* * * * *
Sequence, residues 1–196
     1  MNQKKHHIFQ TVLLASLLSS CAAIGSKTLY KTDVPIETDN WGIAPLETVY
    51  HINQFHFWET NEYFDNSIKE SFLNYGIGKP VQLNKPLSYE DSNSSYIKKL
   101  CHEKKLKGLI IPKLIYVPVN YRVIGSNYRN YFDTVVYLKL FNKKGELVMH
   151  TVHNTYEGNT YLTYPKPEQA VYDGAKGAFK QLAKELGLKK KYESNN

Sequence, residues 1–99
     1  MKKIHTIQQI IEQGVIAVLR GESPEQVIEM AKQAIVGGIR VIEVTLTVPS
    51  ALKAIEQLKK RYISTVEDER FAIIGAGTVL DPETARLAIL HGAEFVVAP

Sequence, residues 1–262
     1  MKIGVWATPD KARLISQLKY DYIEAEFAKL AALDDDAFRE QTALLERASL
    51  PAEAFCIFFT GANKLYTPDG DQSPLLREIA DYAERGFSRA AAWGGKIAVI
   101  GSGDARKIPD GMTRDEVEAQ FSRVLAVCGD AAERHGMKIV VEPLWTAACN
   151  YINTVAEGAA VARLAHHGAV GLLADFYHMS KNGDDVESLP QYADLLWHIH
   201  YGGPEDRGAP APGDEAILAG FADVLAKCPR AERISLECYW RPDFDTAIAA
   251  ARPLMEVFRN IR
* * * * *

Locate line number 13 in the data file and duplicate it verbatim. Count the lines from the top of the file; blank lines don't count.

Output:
   151  YINTVAEGAA VARLAHHGAV GLLADFYHMS KNGDDVESLP QYADLLWHIH